COVID-19 Diagnostics: UVA Researchers Say That Cytokine IL-13 Can Be Used As A Blood Test Biomarker To Determine COVID-19 Severity
: A new research from the University of Virginia (UVA) School of Medicine suggests doctors can examine COVID-19 patients' blood to identify those at greatest risk of severe illness and to pinpoint those most likely to need a ventilator. The main biomarker that should be looked out for is the cytokine IL-13 (Interleukin 13). High levels of IL-13 were associated with worsened COVID-19 outcomes.
This new discovery could lead to new treatments to prevent deadly "cytokine storms" seen in severe cases of COVID-19.
The research findings are published on a preprint server and are pending peer-review. https://www.medrxiv.org/content/10.1101/2020.06.18.20134353v1
The study team from UVA found that the levels of a particular cytokine in the blood upon diagnosis could be used to predict later outcomes. Cytokines are proteins produced by immune cells are responsible for severe overreactions by the immune system, known as cytokine storms, associated with COVID-19 and other serious illnesses.
The study team says the discovery could become part of a scoring system to let doctors flag at-risk COVID-19 patients for closer monitoring and personalized interventions. The finding also identifies cytokines doctors could target as a new treatment approach.
Dr Bill Petri of UVA's Division of Infectious Diseases and International Health told Thailand Medical News, "The immune response that we discovered to predict severe shortness of breath in COVID-19 is known in other pulmonary diseases to cause damage. So this could lead to a novel way to prevent respiratory failure in individuals infected with the new coronavirus, by inhibiting this immune cytokine. We plan to test this in a model of COVID-19 prior to considering a clinical trial."
Typically cytokine storms, in which the immune system spirals out of control, are associated with an established group of cytokines. But the best predictor of COVID-19 outcomes was an "underappreciated" cytokine more associated with allergies, the UVA researchers report. High levels of that cytokine, IL-13, were associated with worsened COVID-19 outcomes regardless of patients' gender, age or other health problems.
The study team also identified two more cytokines associated with severe outcomes, though the duo had less ability to predict the need for a ventilator.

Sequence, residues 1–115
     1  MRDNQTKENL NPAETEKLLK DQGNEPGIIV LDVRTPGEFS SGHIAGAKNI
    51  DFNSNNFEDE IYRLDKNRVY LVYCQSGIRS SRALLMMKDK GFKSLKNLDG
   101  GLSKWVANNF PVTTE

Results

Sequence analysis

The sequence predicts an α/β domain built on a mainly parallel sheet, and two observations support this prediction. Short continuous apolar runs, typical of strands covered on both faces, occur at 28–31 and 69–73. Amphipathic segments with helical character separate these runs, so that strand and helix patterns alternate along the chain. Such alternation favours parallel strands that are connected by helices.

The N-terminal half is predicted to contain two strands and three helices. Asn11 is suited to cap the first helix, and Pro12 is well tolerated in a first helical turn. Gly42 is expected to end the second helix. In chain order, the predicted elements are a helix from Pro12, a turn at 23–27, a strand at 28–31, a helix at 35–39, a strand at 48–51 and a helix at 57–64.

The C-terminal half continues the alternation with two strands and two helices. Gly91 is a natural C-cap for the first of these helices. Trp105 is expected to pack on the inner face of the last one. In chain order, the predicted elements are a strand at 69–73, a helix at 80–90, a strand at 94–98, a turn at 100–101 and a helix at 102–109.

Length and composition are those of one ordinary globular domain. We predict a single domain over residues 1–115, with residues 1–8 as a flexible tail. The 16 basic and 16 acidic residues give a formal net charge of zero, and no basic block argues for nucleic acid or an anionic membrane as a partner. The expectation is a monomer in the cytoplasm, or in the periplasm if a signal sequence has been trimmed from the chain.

Furthermore the researchers found that levels of two other cytokines were significantly higher in patients with elevated blood sugar. This "pro-inflammatory response," they say, may help explain why diabetes is associated with worse COVID-19 outcomes. In short, the body is primed to respond too strongly to the infection.
Dr Petri said, "This work was led by Dr Allie Donlan, Dr Mary Young and Dr Mayuresh Abhyankar in my lab but it was also a huge team effort by the School of Medicine with the support of iTHRIV and the Global Infectious Diseases Institute."
In order to draw their conclusions, the researchers identified 57 COVID-19 patients treated at UVA who ultimately required a venti
lator. They then tested blood samples taken from the patients within 48 hours of diagnosis or hospital admission. They compared the results with those from patients who did not wind up needing a ventilator.
The study team says additional research is necessary to determine how the cytokines are contributing to COVID-19 outcomes, but they hope the discovery will help doctors improve care for a disease that has now killed more than 125,000 Americans.
Thailand Medical News would also like to note that another previous research by German scientist said that the biomarkers IL-6 and CRP could also be used to determine if COVID-19 patients were in severe stages and needed mechanical ventilation.https://www.jacionline.org/article/S0091-6749(20)30685-0/abstract
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